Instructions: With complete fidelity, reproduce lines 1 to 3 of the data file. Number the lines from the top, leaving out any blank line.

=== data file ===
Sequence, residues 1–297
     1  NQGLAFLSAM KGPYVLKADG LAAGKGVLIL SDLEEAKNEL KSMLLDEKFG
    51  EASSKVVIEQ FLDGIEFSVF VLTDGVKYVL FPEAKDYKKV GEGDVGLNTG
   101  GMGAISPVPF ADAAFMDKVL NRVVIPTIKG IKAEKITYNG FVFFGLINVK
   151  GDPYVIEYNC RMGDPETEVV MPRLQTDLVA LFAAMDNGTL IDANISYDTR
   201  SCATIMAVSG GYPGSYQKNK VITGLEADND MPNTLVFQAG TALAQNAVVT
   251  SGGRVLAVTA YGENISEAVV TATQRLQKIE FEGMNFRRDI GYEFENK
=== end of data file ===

Sequence, residues 1–297
     1  NQGLAFLSAM KGPYVLKADG LAAGKGVLIL SDLEEAKNEL KSMLLDEKFG
    51  EASSKVVIEQ FLDGIEFSVF VLTDGVKYVL FPEAKDYKKV GEGDVGLNTG